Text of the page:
Belief Functions: Past, Present, and Future
The theory of belief functions, sometimes referred to as evidence theory or Dempster-Shafer theory, was first introduced by Arthur P. Dempster in the context of statistical inference, to be later developed by Glenn Shafer as a general framework for modelling epistemic uncertainty. Belief theory and the closely related random set theory form a natural framework for modelling situations in which data are missing or scarce: think of extremely rare events such as volcanic eruptions or power plant meltdowns, problems subject to huge uncertainties due to the number and complexity of the factors involved (e.g. climate change), but also the all-important issue with generalisation from small training sets in machine learning.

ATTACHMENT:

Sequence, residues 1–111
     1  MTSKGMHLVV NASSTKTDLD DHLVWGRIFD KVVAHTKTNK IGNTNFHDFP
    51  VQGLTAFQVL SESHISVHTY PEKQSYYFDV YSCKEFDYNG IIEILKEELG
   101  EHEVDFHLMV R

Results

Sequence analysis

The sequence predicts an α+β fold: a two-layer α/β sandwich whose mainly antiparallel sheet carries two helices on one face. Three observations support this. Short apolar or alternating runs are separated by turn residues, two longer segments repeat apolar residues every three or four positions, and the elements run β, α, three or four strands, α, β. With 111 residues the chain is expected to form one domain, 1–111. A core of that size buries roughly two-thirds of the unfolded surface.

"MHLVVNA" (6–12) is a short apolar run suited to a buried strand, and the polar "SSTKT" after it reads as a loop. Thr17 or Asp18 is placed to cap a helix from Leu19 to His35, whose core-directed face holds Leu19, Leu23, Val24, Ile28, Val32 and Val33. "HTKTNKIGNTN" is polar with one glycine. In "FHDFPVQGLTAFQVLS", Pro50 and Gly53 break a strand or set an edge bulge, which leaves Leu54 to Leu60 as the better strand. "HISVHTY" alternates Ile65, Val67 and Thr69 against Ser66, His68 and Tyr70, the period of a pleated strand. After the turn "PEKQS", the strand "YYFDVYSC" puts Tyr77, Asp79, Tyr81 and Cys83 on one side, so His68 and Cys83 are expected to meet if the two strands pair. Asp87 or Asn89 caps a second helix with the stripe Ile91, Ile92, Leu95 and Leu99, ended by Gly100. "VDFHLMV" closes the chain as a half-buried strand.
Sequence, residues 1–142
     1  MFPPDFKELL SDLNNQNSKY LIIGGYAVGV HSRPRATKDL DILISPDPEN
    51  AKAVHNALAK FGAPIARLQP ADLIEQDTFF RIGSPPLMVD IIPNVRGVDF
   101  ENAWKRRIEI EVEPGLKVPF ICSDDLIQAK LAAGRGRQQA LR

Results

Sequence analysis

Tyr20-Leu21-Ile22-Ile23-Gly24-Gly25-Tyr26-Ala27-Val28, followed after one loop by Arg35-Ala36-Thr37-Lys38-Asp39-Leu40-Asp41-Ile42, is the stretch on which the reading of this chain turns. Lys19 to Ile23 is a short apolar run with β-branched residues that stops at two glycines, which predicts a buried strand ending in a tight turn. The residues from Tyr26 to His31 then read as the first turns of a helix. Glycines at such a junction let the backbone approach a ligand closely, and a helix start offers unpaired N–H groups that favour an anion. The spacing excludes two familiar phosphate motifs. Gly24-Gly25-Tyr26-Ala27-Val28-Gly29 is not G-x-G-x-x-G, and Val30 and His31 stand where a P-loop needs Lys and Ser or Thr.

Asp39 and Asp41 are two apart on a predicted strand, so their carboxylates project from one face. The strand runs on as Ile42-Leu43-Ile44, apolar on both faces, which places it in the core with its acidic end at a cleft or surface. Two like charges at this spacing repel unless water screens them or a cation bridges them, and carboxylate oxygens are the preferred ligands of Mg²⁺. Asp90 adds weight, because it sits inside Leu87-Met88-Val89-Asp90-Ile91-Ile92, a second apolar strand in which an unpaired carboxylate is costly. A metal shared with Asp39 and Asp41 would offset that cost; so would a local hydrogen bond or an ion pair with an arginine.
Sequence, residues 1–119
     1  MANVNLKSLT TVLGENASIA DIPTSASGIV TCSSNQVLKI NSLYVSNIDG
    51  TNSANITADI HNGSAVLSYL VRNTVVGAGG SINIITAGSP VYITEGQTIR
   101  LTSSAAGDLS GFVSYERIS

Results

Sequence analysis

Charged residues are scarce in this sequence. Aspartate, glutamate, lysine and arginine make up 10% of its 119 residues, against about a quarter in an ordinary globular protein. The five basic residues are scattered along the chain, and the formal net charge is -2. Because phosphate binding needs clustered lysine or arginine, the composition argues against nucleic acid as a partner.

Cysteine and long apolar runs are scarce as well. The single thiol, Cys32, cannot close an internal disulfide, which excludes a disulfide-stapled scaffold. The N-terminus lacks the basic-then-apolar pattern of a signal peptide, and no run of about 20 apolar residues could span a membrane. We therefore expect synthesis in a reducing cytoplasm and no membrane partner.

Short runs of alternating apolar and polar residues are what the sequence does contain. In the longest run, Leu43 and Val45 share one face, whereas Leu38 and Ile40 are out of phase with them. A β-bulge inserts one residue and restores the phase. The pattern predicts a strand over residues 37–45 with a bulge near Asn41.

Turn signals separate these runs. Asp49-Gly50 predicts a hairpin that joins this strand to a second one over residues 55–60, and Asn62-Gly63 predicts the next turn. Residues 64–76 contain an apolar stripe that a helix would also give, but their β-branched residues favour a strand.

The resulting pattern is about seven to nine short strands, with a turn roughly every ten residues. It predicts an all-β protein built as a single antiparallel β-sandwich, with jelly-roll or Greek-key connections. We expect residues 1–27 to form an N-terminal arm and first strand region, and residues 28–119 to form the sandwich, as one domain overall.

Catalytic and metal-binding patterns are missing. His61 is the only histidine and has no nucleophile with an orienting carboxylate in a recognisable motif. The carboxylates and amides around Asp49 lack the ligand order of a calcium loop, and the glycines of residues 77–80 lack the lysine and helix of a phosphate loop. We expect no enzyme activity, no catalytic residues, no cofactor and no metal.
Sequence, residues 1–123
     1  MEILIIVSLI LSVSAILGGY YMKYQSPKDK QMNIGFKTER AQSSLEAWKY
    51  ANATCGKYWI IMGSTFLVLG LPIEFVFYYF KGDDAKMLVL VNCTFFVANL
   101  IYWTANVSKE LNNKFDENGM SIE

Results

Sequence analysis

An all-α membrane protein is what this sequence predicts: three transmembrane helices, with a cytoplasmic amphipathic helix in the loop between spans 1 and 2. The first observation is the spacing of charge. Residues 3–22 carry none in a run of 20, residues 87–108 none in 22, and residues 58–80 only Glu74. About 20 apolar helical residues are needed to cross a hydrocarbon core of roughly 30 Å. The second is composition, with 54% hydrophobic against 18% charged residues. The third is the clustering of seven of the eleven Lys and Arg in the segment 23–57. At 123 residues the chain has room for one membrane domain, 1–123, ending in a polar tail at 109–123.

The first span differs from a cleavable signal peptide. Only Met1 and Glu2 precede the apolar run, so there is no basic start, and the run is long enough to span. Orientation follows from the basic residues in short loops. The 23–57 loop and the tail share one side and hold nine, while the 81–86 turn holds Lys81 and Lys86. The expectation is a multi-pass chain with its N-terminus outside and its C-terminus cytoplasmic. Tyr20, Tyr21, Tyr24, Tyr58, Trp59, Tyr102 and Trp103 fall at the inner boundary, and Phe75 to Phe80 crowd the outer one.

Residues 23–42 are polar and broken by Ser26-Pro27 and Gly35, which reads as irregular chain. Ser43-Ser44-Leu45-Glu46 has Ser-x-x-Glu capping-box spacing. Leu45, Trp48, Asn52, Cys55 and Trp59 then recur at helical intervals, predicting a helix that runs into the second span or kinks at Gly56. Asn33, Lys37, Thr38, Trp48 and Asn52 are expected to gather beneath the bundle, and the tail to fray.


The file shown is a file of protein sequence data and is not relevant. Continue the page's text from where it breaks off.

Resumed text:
This short talk abstracted from an upcoming half-day tutorial at IJCAI 2016 is designed to introduce to non-experts the principles and rationale of random sets and belief function theory, review its rationale in the context of frequentist and Bayesian interpretations of probability but also in relationship with the other main approaches to non-additive probability, survey the key elements of the methodology and the most recent developments, discuss current trends in both its theory and applications. Finally, a research program for the future is outlined, which include a robustification of Vapnik' statistical learning theory for an Artificial Intelligence 'in the wild.'